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After eight years, the European Space Agency has officially ended the Venus Express mission.
After this month of ‘surfing’ in and out of the atmosphere at low altitudes, the lowest point of the orbit was raised again through a series of 15 small thruster burns, such that by 26 July it was back up to about 460 km, yielding an orbital period of just over 22 hours. The mission then continued in a reduced science phase, as the closest approach of the spacecraft to Venus steadily decreased again naturally under gravity.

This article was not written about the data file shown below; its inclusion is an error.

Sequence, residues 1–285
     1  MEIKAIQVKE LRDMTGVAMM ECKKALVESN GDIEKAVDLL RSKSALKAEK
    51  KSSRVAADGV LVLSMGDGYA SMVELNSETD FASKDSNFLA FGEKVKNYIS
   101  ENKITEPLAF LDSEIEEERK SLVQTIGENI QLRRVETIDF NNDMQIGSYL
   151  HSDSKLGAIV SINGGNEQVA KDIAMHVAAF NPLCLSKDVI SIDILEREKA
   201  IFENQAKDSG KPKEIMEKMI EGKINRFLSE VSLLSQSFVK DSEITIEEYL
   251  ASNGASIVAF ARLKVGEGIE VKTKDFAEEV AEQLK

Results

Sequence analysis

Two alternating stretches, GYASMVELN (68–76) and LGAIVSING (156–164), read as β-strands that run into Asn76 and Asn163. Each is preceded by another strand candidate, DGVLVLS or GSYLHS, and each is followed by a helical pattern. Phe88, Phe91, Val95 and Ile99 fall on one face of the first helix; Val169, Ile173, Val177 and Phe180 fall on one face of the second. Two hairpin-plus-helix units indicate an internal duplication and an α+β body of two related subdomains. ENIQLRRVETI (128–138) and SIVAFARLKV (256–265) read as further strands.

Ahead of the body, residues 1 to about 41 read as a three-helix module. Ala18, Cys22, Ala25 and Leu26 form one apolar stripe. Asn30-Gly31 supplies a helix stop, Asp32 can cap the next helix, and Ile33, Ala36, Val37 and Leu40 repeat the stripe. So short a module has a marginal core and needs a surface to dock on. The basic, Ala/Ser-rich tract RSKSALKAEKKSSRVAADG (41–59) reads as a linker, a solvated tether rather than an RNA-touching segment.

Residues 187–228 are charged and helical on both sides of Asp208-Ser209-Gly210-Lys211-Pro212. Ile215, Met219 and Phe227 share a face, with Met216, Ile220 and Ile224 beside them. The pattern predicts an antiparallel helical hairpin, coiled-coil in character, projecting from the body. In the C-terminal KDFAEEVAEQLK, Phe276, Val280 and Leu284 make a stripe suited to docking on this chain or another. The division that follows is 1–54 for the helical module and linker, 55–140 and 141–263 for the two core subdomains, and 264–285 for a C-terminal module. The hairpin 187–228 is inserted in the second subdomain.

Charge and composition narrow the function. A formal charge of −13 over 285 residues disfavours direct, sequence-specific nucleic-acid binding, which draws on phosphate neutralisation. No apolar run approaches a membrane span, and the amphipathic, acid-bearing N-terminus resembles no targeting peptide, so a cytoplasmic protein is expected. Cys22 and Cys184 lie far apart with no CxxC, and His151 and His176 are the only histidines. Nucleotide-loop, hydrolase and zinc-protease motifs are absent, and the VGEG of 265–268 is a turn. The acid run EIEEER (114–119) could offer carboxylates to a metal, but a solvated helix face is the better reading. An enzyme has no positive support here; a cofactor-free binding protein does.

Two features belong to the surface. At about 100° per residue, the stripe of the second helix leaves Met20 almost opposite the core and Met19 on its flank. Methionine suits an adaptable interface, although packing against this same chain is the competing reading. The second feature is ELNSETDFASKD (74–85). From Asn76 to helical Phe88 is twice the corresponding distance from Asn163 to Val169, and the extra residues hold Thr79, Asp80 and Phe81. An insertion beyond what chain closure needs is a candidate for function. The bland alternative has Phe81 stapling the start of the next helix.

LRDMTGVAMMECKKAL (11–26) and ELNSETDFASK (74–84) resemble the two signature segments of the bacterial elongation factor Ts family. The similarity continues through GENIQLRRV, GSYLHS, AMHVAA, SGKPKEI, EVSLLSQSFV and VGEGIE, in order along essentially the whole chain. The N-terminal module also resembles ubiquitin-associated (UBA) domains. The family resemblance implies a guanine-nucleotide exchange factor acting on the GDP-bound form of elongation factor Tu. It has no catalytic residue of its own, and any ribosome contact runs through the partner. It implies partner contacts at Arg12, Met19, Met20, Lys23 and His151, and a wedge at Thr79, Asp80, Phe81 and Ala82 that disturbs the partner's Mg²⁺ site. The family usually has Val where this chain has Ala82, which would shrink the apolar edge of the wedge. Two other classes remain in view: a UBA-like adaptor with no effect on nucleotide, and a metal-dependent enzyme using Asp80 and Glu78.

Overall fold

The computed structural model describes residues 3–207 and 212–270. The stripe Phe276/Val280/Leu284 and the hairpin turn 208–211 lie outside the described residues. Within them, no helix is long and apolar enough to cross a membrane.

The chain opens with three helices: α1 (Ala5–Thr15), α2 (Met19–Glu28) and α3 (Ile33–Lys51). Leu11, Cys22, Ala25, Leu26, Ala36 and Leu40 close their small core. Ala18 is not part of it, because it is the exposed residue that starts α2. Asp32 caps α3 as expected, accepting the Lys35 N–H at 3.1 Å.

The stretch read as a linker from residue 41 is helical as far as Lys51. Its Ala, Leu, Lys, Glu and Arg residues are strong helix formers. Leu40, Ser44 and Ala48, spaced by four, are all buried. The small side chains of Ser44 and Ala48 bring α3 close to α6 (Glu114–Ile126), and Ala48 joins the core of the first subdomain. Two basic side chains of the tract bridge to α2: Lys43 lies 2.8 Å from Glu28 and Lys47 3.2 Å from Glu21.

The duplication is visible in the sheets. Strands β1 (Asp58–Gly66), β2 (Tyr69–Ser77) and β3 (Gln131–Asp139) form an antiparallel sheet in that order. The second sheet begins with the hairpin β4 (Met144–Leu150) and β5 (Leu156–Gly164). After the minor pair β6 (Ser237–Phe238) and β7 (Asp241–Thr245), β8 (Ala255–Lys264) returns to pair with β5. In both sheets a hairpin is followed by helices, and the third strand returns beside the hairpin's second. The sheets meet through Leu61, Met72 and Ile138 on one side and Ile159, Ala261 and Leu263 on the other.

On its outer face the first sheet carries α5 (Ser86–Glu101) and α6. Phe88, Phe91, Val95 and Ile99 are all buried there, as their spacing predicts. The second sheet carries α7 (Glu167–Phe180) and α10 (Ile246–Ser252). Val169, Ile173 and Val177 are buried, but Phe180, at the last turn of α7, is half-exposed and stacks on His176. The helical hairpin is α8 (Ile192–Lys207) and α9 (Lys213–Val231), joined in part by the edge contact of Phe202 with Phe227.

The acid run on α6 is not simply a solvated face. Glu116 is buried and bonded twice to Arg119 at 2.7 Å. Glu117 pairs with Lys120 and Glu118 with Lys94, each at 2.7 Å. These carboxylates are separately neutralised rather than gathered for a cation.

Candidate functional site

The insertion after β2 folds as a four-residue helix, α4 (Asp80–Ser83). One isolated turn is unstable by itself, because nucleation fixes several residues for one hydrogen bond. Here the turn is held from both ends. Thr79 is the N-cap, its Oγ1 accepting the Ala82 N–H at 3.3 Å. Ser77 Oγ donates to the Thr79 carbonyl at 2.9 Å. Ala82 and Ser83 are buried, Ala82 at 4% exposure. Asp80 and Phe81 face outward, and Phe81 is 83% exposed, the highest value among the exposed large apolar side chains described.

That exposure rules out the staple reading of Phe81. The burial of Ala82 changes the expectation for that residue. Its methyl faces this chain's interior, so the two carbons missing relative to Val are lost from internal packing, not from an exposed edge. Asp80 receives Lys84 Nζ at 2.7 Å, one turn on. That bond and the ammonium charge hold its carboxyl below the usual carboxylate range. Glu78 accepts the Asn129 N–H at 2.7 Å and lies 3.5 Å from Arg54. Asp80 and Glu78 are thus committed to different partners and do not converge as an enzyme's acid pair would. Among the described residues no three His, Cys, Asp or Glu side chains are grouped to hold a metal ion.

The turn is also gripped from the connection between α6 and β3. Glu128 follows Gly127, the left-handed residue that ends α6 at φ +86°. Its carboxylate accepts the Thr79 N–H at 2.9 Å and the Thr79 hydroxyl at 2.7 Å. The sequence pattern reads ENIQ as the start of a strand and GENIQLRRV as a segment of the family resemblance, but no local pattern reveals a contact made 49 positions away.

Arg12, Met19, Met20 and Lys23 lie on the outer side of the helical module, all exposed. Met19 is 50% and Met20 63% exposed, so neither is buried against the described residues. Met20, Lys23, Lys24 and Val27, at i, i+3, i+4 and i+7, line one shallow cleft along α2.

Under the assumption that there was some propellant still remaining, a decision was taken to correct this natural decay with a new series of raising manoeuvres during 23–30 November, in an attempt to prolong the mission into 2015. However, full contact with Venus Express was lost on 28 November. Since then the telemetry and telecommand links had been partially re-established, but they were very unstable and only limited information could be retrieved.
The agency has decided that further attempts to contact the spacecraft would essentially be a wasted effort, and has closed the books on this very successful mission. The spacecraft itself will soon burn up in Venus’s atmosphere when its orbit decays.